Anyone wrote:Abd wrote:Anyone wrote:Lowdown on the Lomax Latest
https://www.courtlistener.com/recap/gov ... 0.33.0.pdf
That document is being cited by some as if some sort of definitive demolition of my complaint.
If there are any questions, I'm happy to answer.
Much of the document seems to hinge on your alleged misunderstanding of Noonan v. Staples.
Would you agree that perhaps you've misunderstood the point of law this precedent raised.
I'll agree that IANAL and thus misunderstanding is possible. However, I see no precedent that shows such a misunderstanding.
What is more accurate is that a company investigation found errors in his expense reports. Noonan denied that they were deliberate. Yes, that element is missing from the WMF situation, the difference of treatment. However, what is more significant here is that the company claimed "truth" as a defense. The WMF is saying that they published the "truth," that they had banned me. Many have claimed, commenting on this, that "truth is an absolute defense," but then, a statement may imply to a reasonable reader something that is untrue and defamatory. That would depend on circumstances and is a question of fact, not of law.I mean, Noonan did indeed pad his expense account and was fired in accordance with company rules / regulations. But Staples "maliciously" defamed him in a manner they'd not done previously with other employees who had also abused expense accounts.
You claim that they did not, and policy does not dictate whom they ban. The policy actually indicates that there must be a serious violation of the ToU or serious hazard. So a ban does have meaning, even though they deny there is any meaning to it. Again, there are factual issues here.Citing this case strikes me as misjudged. The WMF did NOT publish your block maliciously, and in fact did so in accordance with a straightforward policy they'd adhered to on all prior occasions.
First of all, I claim that their routine practice is routinely defamatory, against all the Office banned users. Not just me. I'm just the first to challenge it, AFAIK. They claim it is not appealable. Legally, yes, I can't appeal the ban (unless they consent), but I can claim that the publication was defamatory. I also claim that the ban was an action taken as part of a conspiracy, and what the WMF knew and did not know is unknown. "Actual malice" is a term in common law and it can include culpable negligence. Again, question of fact.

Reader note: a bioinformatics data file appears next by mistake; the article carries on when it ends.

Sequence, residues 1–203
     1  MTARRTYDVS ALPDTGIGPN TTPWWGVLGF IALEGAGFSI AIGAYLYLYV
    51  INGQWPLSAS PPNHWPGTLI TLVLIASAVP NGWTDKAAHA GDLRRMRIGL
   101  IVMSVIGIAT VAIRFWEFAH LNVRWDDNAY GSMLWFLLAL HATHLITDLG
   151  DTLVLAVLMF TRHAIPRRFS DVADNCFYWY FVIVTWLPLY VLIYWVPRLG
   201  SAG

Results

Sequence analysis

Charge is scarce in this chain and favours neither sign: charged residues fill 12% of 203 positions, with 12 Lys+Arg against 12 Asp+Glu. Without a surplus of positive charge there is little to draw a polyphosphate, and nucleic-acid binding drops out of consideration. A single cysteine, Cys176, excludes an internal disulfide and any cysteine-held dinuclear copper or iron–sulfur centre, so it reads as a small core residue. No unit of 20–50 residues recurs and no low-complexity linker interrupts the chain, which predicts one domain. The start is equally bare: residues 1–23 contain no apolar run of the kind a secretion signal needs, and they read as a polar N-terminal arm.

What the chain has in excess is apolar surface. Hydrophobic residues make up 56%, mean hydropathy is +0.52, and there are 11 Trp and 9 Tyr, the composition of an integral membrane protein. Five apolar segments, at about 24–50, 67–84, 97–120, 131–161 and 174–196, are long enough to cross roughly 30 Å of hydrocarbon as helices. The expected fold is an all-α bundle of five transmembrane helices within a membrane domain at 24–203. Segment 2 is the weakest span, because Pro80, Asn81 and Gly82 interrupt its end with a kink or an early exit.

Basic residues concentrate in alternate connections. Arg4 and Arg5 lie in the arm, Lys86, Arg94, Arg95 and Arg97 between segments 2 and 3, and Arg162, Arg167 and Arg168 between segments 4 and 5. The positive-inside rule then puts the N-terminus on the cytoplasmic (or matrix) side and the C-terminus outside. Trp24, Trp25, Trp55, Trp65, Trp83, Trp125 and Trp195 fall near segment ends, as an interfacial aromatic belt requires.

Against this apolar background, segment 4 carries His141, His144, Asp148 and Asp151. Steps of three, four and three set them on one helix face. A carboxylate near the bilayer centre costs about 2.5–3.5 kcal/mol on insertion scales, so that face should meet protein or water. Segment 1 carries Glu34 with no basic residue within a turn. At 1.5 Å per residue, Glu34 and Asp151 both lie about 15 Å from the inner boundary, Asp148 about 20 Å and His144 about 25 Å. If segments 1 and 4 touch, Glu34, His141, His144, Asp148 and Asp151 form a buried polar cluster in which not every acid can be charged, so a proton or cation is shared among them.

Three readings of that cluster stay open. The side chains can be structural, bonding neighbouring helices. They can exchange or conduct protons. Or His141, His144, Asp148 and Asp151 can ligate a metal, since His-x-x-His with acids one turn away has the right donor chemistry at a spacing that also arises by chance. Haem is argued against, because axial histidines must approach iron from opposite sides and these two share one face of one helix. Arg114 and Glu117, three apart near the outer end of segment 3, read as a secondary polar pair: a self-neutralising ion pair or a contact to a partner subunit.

Massachusetts still follows the old common law of defamation, where non-public figures are involved, not the much stricter standard normal in the United States because of the First Amendment, and the First Circuit accepted that. Staples made noises about appealing, but never did.
Secondly, if I had an attorney, and the attorney did not raise the two Noonan cases, it would be legal malpractice. In the first case, a jury trial was needed to determine if there was actual malice or not. Remember, this was after discovery. The jury in Noonan 1 found the evidence of malice to be insufficient. However, there was then Noonan 2, because an officer of Staples shot off his mouth and claimed that Noonan had stolen from them. In that case, the court found that "stolen" was a permissible opinion. It is not clear that this judgment would have withstood appeal. However, again, the court ruled that a thin reason to suspect actual malice in the statement was enough to go ahead, so Noonan 2 was headed for trial. And then Noonan withdrew the case. What happened? Well, my opinion is that Staples finally realized that they had cost Noonan millions of dollars for what was a relatively minor offense -- possibly. And it was going to cost them much to fight the second case. And they might lose. So they settled.
At least that's my opinion. I do not need to prove malice at the complaint stage. I must plausibly allege it.
The WMF also asserts that Doe v. Amherst is not apposite. In Doe, what was found was that the school had investigated a rape charge and thus the report to other schools of the investigation and its result was not defamation. Perhaps. I don't remember all the details. But in the end, what happened was that evidence came to light that the investigation had been incompetent, and so suddenly, it appears, Amherst was eager to settle with Doe. Making a statement that defames based on your own incompetent investigation is not protected by "truth." (I.e., the truth that your investigation found X, which it did.)